Ah.. finally in the heart of Sydney. The opera house. The true icon of Australia's biggest city. My third day here today. Well, have been settling in pretty well. Meeting more and more new people. The people on my floor in the hostel are nice folks. Staying the right of my room is a guy from Nottingham in England. On the left is an American girl.
I discovered that a Singaporean named Poshy is staying on my floor as well. Not sure if I spelled that name correctly. But he is a medicine student. Just moved like his entire house to college this afternoon. No kidding.
I dropped by City today to take a look at the sights and sounds. Bloody NSW legislation prevents international students from getting a discount card for transport so we had to pay the full fare for the bus ride.
I am still so used to tapping the EZ-Link card. I subconsciously still take out my wallet before I alight to look for that machine to slap my wallet onto. Then I realized that I am no longer in Singapore. My frantic search came to an end with a resounding sigh of relief.
A few friends and I decided to take a walk around Paddy's market to source out the good deals. There is wet and 'pasar malam' type of markets. Selling the usual stuff, I found out that almost anything can be bought with a bargain.
The food court above Paddy's seems so Singaporean-like. With everything on sale, it looks like a typical Tampines mall food court. I didnt eat anything because I stuffed myself up back in the hostel with the free lunch.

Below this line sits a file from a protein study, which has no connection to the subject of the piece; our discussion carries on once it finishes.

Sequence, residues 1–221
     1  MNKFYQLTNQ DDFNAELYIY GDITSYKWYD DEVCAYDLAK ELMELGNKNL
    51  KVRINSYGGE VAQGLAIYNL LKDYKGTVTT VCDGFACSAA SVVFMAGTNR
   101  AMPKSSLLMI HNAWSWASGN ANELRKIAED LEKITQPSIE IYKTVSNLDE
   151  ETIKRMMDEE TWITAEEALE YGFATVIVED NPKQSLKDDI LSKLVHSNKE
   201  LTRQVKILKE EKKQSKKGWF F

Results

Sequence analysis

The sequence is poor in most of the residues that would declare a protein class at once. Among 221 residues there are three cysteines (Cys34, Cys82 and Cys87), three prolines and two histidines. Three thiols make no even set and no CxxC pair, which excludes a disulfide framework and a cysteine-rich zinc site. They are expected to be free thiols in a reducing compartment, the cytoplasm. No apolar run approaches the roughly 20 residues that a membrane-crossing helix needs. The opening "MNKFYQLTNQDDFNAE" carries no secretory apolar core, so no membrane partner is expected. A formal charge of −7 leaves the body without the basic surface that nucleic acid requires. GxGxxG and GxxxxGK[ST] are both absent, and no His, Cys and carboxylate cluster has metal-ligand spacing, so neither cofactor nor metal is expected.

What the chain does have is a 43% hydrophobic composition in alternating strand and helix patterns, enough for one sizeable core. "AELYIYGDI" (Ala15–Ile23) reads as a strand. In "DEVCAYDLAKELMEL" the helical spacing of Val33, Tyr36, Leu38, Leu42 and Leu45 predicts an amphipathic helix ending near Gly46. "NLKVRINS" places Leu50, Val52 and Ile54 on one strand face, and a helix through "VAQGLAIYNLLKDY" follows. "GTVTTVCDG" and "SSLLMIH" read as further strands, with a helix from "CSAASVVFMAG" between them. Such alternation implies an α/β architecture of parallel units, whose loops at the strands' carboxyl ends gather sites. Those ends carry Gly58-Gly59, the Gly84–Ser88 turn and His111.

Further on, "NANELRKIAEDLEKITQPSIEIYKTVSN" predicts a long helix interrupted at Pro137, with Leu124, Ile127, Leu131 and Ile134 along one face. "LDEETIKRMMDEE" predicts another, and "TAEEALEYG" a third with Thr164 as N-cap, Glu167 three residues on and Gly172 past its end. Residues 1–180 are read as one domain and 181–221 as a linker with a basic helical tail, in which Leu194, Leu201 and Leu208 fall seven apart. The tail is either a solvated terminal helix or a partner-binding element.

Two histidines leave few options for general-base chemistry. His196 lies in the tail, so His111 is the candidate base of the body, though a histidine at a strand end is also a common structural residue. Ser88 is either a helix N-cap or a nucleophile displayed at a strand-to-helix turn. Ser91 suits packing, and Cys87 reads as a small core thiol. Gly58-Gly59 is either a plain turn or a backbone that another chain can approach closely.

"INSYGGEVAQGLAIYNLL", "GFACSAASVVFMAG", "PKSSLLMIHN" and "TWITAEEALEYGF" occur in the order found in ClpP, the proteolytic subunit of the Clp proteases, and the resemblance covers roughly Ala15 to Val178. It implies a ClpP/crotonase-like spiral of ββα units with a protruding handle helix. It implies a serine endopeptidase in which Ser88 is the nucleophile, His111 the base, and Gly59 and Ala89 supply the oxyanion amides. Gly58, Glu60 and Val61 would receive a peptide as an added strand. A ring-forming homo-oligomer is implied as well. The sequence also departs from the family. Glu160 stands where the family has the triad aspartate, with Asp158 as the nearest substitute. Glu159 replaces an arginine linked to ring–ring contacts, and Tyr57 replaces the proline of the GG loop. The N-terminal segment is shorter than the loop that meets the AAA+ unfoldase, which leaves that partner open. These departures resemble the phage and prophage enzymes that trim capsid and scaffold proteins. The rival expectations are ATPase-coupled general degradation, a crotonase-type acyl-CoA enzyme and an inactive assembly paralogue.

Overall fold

So we ventured around like tourist and stopped by Chinatown to see well, Chinese. Though not really, we found the sign 'Within the four seas all men are brothers'. Not that I am awe by the philosophical signboard, I am more intrigued by the translation of the Chinese words. It read 'si hai yi jia'. And the Australians literally translated every chinese letter into an English word. Amazing.
And to touch more on the Australian's linguistic ability, I walked by a building with a sign stuck on it reading 'POSTGRADE ORIENTATION'. I stopped and looked back and I wondered if I was in Malaysia or Australia. Isn't it supposed to be POSTGRAD? Well, if anyone else agrees with the Australians, let me know. I will bang my head on the wall for my stupidity.
Thereafter the Chinatown visit, we walked around the area surrounding the famous Sydney Opera House. Finally, I get to see it up close. And the famous bridge which is just next to it. Thank God for finally giving us some good weather today. But just as I finished that prayer, the rain arrived.
The freaking stupid thing in Australia is that it gets dark at an amazing time of 5.45pm. After finishing a superb pancakes on the rocks meal( eh anyone coming down to Sydney this is a must try. For more details contact me.), we walked out into pitch darkness. Wah Lau so depressing. I guess the early sunset symbolizes the attitude of the Australian workers here.
My friend wanted to change his enrolment at his civil engineering faculty. He reached at 1.30pm only to be duly informed that the woman in charge will not be back from lunch till 2pm. A quick glance at the sign on the window showed her working hours as 9am-12noon, 2pm to 4pm.
5 Hour work day. I also want!! Amazing how little man hours these Australians work. Good life! I want a job here too! Maciam SAF sia! SAF in Australia will be considered very productive.
Anyway yeah, so try to get use to it lor. Everything here moves at snail pace. No worries is the theme. Even my ATM card takes a week to arrive, unlike Singapore where you are given one on the spot.
This is a retirement town. No Doubt about it. I am just afraid, I cannot get a job in Singapore if I demand a 9-12noon, 2-4pm working hour.